Southeast Asian nations are stepping up plans to invest in and deploy solar power as the cost has dropped below that for gas-fired power plants, according to analysts and government officials. The region, where power demand is expected to double by 2040, is striving to expand the share of renewable sources as developing nations seek affordable electricity while battling climate change.
ASEAN (Association of Southeast Asian Nations) members have forged themselves into leading industrial and export-driven manufacturing hubs in recent decades. They have been lagging behind when it comes to deploying solar and other emissions-free energy resources, however; that despite having committed to achieving UN renewable energy and climate change goals.
Regionally, Southeast Asia’s cumulative solar photovoltaic (PV) capacity could nearly triple to 35.8 gigawatts (GW) in 2024 from an estimated 12.6 GW this year, according to consultancy Wood Mackenzie. Expected to have installed a cumulative solar power capacity of 5.5 GW by the end of this year, 44% of the total, region-wide capacity, highlighted Wood Mackenzie power and renewables analyst, Rishab Shrestha. That compares with 134 MW last year.
Solar power progresses across Southeast Asia
In addition, Malaysia recently completed a 500-megawatt (MW) solar power auction via which a bid for 365 MW of new solar capacity came in below the average cost of building natural gas-fired power plants, Minister of Energy, Science, Technology, Environment and Climate Change Yeo Bee Yin highlighted. The country intends to carry out at least one more-500 MW tender in next year’s second quarter, Yeo said.
More broadly, Malaysia intends to increase its renewable energy for electricity generation from 6% at present to 20% by 2025. The majority is expected to be solar power. “For the first time in the history of Malaysia we have a large-scale solar energy costs that is less than gas,” Yeo said at Singapore International Energy Week. “We now finally have an alternative energy that is cheaper than gas to replace our peak energy demand at midday.”
Another regional industrial and trading leader, Singapore set a goal of installing at least 2 GW of peak solar power capacity by 2030—more than 10% of current peak electricity. Natural-gas power generation supplies 95% of Singapore’s national generation capacity at present. Installing 2 GW of solar capacity could potentially replace that with emissions-free, solar power capacity, Wood Mackenzie Power & Renewables points out.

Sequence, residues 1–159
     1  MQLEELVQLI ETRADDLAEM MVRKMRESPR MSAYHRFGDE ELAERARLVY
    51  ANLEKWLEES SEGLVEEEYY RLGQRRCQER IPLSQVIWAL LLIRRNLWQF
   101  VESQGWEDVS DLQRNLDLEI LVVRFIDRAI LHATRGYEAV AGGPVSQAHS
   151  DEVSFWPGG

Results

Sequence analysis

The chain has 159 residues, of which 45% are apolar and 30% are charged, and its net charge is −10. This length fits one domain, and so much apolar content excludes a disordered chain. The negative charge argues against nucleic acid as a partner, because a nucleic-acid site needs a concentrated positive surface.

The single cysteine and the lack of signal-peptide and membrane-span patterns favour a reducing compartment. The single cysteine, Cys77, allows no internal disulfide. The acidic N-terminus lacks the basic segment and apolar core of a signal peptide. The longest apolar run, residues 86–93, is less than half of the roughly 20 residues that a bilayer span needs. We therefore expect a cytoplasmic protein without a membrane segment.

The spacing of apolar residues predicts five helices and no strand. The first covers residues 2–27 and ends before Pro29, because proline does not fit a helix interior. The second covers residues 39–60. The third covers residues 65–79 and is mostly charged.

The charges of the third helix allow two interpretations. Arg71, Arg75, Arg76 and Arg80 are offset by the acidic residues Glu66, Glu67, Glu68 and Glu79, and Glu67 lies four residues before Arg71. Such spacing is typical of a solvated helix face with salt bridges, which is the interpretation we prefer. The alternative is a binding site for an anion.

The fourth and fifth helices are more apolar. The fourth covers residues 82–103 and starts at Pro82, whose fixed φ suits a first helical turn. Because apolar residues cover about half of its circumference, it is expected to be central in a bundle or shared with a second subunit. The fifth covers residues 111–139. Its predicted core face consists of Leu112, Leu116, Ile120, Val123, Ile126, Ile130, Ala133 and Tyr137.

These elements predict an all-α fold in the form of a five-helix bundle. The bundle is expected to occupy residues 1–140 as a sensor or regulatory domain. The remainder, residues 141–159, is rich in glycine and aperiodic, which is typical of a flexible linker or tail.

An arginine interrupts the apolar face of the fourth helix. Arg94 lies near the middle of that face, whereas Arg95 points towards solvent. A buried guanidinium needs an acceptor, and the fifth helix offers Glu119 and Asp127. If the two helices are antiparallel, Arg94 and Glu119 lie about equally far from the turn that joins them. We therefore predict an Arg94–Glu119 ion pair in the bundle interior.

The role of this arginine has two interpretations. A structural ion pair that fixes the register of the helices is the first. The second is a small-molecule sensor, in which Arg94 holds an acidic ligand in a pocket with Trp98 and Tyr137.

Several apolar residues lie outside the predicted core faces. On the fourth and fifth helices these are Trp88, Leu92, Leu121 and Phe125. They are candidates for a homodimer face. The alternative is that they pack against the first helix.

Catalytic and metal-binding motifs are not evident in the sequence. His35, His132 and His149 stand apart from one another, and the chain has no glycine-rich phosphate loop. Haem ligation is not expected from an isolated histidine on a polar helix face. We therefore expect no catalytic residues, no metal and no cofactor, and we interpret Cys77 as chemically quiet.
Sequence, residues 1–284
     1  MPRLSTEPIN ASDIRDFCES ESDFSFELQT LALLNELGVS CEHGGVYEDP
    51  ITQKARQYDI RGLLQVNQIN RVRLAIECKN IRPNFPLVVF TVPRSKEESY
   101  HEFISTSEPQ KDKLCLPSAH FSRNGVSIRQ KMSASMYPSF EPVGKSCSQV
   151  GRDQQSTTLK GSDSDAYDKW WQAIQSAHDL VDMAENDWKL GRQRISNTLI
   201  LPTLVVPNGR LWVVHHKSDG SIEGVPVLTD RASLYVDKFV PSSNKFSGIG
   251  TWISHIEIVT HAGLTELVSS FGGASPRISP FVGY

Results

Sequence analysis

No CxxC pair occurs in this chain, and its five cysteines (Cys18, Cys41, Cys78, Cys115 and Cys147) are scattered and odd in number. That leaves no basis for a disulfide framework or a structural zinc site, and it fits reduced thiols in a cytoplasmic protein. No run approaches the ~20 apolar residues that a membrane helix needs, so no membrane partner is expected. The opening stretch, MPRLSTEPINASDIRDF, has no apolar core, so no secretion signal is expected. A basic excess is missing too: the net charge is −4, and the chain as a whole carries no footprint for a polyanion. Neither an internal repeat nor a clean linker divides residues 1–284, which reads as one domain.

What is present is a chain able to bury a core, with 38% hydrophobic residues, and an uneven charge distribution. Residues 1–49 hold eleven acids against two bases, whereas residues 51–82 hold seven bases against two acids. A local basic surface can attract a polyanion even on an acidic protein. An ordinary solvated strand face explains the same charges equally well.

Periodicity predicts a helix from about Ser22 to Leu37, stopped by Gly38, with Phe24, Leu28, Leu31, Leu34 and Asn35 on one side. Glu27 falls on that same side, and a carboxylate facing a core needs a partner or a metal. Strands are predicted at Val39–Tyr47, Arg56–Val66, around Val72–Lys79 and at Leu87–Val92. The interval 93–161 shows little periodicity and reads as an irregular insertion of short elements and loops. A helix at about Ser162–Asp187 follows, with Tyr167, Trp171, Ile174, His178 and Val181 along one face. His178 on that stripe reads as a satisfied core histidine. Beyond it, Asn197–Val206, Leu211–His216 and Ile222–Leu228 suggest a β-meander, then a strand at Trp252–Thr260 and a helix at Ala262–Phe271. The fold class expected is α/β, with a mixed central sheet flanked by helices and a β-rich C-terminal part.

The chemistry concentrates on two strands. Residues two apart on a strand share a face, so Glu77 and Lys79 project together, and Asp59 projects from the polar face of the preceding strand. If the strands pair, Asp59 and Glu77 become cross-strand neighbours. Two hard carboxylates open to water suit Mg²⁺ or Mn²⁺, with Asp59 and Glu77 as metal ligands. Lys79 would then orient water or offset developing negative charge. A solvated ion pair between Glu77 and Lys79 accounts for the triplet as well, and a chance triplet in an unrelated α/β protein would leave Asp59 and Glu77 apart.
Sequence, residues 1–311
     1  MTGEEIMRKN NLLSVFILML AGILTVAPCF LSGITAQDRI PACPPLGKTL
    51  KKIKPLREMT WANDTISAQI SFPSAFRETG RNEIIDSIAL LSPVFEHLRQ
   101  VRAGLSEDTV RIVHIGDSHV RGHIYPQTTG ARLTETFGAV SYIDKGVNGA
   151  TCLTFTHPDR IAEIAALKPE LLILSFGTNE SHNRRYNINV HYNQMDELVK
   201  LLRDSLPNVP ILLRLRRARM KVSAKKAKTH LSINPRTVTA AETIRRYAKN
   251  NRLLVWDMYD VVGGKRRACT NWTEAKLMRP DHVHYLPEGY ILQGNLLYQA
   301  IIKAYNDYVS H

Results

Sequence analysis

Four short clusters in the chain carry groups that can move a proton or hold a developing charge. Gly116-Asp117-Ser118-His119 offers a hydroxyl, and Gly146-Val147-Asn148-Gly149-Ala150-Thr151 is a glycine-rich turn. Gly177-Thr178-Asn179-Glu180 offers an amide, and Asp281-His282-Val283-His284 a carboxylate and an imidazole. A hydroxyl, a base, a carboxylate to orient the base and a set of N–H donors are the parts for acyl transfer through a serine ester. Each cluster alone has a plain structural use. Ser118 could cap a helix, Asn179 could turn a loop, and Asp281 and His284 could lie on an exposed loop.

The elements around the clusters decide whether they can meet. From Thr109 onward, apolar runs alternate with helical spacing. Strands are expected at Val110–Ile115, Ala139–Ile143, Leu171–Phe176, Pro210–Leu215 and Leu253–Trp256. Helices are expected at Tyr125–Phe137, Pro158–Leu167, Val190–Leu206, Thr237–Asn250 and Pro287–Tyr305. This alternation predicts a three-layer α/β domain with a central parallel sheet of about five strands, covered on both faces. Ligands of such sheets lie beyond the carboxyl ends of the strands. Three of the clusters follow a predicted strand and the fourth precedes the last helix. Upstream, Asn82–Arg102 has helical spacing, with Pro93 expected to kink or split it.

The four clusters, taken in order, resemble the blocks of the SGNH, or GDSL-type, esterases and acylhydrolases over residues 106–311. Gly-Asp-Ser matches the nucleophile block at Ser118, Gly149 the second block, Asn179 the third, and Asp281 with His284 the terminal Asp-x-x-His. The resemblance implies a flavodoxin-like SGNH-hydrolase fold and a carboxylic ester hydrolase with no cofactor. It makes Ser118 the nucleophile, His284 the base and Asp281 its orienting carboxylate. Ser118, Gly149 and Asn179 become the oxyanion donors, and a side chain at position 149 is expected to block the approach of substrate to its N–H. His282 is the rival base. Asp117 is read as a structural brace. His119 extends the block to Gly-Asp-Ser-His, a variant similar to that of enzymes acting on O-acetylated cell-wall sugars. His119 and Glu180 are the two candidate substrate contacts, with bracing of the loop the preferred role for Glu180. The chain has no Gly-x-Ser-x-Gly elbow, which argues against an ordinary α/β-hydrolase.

“This being presented by the (Singaporean) authorities is very interesting as this points towards firm political determination to go towards a low-carbon economy in a constrained world,” added Francesco La Camera, Director-General of International Renewable Energy Agency (IRENA). Furthermore, “There need to be some good measures to ensure that investors feel confident that their money could be returned in a relatively reasonable period,” said Keisuke Sadamori, the International Energy Agency (IEA) director for energy markets and security.
Varying solar power deployment and investment across Southeast Asia
Solar energy investment and deployment and potential varies widely across and within ASEAN members. Laos continues to boost its hydroelectric power capacity despite the ensuing degradation of water, fishing resources, community displacement and loss of traditional livelihoods. The Philippines continues to subsidize coal power and oil fuels for transportation despite their higher true costs and resulting damages to human and environmental health.
Leading industrialized ASEAN members, such as Thailand, have focused on supporting utility-scale solar, while deployment of smaller-scale solar-plus-storage home systems and microgrids have taken the lead in other, less industrialized countries, such as Indonesia and Myanmar. A mix of utility and small-scale solar-plus storage has and is being installed in the Philippines and Cambodia.
“Singapore’s energy policy is to not favor one form of energy over the other, but rather organize supply and demand through a market-based platform, the National Electricity Market of Singapore (NEMS),” Thomas Reindl, Deputy CEO of the Solar Energy Research Institute of Singapore (SERIS) at the National University of Singapore (NUS), explained in an interview. “Given Singapore’s land and water resource limitations, it has been taking pragmatic and measured steps in promoting solar energy as a sustainable renewable energy source,” Reindl said. A long road lies ahead before Singapore achieves its goals, however.
Singapore has zoomed in on becoming a leader in urban solar, demonstrating that solar power generation can make a major contribution to enhancing grid reliability, resilience and reduce electricity costs, as well greenhouse gas emissions and opening up substantial opportunities for sustainable, socio-economic development even in densely-built urban environments and despite the challenges presented in tropical conditions.